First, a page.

5 Reasons Hasan Minhaj’s ‘Patriot Act’ Should Be a Part of School Curriculum

By Mihika Jindal 25 September 2019 4 mins read

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American comedian, political commentator writer and actor Hasan Minhaj is the human embodiment of courage in current times. But calling a spade a spade doesn’t come without consequences. This time, backlash arrived in the form of Minhaj being denied entry to the #HowdyModi event in Houston last Sunday (22 September 2019).

Minhaj was evidently excited about the event and was present with his camera crew when the security turned him away. The reasons included lack of credentials and media slots, according to a Mashable report. Another string of stories strewn together in this tweet by The Sparrow Project shows Minhaj haggling with the security demanding a (good) reason for not being allowed in:

Before India’s general elections earlier this year, Minhaj had released an episode on his Netflix show, The Patriot Act, where he dissected ongoing political campaigns, including PM Modi’s, highlighting some uncomfortable facts; another reason why the Indian-Muslim activist-comedian was denied entry, just like Muslim journalist Maria Kari.

But Minhaj is not one to allow these incidents to come in the way of what he does best: speak up! While we wait for him to get back up on his all-white Jordans, here’s a quick primer on the guy:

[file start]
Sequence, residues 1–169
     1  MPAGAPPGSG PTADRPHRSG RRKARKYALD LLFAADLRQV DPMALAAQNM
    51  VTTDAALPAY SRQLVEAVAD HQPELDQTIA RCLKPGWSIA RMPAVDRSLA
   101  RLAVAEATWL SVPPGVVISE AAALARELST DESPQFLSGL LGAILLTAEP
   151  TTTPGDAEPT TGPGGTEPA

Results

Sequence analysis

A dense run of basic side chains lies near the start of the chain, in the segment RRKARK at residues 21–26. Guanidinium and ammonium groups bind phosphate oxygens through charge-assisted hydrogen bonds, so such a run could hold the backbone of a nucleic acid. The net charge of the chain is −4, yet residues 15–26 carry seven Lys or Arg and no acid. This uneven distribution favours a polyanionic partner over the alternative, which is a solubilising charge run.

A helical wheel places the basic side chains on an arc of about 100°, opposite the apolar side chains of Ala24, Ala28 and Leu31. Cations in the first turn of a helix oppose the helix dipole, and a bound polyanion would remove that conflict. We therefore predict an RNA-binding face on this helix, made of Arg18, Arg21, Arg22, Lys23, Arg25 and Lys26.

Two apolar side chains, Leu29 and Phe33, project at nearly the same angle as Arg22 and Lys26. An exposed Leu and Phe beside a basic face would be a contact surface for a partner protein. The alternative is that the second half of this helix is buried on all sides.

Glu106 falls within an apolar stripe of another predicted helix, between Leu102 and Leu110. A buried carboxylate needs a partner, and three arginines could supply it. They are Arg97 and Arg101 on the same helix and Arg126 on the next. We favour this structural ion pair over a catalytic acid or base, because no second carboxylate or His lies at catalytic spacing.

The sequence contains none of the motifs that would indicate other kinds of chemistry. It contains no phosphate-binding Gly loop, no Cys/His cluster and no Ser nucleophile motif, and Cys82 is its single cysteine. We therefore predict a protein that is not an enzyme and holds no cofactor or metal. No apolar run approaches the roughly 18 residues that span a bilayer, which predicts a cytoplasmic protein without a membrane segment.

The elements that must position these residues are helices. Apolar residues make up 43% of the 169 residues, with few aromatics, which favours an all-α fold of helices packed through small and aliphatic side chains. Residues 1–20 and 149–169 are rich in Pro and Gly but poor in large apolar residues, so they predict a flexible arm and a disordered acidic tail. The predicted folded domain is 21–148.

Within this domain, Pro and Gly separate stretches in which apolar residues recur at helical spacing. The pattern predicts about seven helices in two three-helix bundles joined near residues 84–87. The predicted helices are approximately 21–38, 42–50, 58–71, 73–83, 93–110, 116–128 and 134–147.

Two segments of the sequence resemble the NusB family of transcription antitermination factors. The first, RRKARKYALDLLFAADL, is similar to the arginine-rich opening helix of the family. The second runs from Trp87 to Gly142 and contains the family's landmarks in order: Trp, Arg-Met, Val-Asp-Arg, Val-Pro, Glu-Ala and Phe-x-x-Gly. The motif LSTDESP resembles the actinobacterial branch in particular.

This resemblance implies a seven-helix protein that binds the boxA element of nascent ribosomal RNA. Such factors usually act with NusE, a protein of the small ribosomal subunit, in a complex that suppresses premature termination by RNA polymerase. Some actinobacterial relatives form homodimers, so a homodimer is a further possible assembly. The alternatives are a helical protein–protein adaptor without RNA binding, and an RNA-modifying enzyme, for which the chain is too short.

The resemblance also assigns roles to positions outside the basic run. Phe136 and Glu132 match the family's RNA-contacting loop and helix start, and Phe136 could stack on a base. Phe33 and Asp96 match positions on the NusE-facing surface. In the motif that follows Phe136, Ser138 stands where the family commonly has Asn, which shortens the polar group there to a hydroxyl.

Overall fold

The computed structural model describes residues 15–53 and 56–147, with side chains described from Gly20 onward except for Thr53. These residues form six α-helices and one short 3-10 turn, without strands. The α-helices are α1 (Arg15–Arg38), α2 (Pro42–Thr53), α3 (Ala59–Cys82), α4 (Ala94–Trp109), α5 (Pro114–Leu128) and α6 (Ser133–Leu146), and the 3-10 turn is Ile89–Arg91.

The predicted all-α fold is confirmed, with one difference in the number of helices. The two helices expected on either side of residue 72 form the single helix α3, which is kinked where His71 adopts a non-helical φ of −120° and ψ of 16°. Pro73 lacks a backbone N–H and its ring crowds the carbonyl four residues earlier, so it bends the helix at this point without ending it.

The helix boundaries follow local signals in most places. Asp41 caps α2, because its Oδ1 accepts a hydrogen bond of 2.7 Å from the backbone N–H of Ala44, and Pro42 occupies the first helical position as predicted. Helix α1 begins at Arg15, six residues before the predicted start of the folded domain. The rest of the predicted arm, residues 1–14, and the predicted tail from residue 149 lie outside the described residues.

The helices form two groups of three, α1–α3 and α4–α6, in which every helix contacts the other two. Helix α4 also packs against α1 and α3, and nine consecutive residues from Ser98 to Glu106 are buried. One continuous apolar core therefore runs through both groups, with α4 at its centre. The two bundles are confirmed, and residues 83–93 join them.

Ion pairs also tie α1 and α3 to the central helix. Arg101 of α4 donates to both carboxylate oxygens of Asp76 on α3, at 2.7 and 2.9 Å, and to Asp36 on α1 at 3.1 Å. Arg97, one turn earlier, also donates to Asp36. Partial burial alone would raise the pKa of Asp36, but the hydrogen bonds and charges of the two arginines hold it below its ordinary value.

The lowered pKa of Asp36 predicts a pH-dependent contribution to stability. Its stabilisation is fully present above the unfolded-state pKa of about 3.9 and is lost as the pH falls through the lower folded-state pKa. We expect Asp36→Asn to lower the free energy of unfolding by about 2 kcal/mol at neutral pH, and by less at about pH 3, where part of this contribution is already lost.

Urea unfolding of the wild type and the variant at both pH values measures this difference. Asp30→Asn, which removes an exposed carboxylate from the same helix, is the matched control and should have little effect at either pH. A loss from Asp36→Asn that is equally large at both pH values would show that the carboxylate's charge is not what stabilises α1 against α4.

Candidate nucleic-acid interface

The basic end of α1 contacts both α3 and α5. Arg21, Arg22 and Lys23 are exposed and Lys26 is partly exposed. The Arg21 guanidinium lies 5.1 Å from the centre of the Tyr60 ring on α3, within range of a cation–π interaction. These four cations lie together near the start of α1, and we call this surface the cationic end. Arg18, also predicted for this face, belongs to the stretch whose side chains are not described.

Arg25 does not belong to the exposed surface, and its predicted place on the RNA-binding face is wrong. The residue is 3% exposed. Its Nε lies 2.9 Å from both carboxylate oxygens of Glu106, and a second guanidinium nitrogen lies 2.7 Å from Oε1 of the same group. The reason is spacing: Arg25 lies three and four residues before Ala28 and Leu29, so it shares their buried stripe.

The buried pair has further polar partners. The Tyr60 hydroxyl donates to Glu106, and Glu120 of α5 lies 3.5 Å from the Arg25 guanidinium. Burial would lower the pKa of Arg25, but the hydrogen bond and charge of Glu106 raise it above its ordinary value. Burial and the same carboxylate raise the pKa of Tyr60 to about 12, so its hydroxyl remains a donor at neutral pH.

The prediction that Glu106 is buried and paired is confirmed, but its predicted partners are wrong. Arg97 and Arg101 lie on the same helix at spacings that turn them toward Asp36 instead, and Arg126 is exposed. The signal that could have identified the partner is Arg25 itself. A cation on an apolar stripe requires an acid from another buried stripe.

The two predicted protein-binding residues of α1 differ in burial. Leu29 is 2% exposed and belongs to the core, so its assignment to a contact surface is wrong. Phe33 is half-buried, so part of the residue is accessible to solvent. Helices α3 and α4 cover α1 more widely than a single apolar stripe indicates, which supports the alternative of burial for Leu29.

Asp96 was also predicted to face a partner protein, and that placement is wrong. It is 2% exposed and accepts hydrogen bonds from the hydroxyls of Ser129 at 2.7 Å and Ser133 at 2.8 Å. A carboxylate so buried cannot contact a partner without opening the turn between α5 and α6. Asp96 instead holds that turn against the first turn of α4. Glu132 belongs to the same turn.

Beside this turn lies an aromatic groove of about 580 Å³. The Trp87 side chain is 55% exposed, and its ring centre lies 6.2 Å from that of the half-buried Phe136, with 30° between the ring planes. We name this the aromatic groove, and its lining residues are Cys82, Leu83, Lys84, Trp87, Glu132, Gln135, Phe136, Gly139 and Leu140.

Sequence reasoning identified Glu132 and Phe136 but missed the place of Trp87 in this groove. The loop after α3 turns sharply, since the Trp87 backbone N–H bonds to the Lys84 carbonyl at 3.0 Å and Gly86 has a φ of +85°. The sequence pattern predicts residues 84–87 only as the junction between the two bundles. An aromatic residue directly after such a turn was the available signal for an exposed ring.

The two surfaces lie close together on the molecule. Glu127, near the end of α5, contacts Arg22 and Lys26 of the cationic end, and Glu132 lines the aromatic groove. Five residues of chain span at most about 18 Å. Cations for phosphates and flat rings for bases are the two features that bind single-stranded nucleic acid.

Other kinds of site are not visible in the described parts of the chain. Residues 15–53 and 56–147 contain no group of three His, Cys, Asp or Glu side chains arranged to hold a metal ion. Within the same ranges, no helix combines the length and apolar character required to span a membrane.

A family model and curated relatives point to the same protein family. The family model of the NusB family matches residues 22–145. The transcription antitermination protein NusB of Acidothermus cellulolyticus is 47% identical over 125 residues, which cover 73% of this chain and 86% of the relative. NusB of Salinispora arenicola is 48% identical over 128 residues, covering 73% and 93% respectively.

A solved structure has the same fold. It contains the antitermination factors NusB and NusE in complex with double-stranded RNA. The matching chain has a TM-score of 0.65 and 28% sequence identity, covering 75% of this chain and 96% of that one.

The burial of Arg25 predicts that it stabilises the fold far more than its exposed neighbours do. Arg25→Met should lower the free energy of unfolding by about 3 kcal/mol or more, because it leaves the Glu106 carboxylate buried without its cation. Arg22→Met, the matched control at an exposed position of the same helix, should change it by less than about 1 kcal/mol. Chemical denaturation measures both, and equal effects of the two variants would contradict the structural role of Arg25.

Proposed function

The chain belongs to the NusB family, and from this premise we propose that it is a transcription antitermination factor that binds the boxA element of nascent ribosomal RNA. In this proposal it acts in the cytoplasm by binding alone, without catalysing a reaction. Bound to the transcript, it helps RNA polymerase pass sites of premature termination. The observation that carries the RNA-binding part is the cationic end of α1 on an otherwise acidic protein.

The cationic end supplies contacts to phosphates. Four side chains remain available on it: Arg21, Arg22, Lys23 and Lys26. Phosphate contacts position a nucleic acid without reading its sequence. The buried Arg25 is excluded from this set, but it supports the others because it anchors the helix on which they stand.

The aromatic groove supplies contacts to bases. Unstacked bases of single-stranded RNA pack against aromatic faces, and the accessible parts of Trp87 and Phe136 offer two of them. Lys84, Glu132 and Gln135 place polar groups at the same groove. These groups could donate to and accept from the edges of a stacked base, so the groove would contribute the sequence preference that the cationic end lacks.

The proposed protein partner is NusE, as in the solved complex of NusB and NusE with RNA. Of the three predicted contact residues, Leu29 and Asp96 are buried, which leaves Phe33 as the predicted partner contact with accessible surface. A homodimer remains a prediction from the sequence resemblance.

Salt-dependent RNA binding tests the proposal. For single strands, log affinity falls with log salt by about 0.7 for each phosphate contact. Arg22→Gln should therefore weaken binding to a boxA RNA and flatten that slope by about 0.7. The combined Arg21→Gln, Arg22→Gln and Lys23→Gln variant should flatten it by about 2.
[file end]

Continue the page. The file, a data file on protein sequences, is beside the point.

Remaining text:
Minhaj started with standup comedy back in 2008, moved into minor roles in television and was all over the place till his first big break: The Daily Show. Minhaj joined as a correspondent, hired by Jon Stewart, and stuck around for four years (2014-2018) before he quit it all for his own weekly Netflix show, Patriot Act with Hasan Minhaj, which won him his second Peabody Award.

His first Peabody was for his first Netflix comedy special, Homecoming King. Through the hour, Minhaj talks about an immigrant’s experience in the United States with anecdotes of what it’s like to be an American-Indian-Muslim there. Between the special and Patriot Act, the one thing he’s come to be known for over time is his ability and willingness to dive headfirst into difficult conversations and use his platforms to make a noise about it. His show was taken off Netflix in Saudi Arabia and Donald Trump didn’t even show up at the 2017 White House correspondents’ dinner, where he went after the entire administration.

If there’s anything he can be faulted for, it’s that he perhaps doesn’t go deep enough in Patriot Act, but with so many people still so clueless about so many things, even a dummies guide, if that’s what you’d like to call it, still has massive impact. I mean, he’s on the TIME’s 100 Most Influential People in the World list of 2019.

Patriot Act, currently in its fourth season, has already aired 25 episodes on topics ranging from the looming recession to corruption in cricket to Amazon taking over the world, Indian and Canadian politics, the dark side of the video game industry and trying to understand the cult of Supreme fans around the world… there is something for everyone here.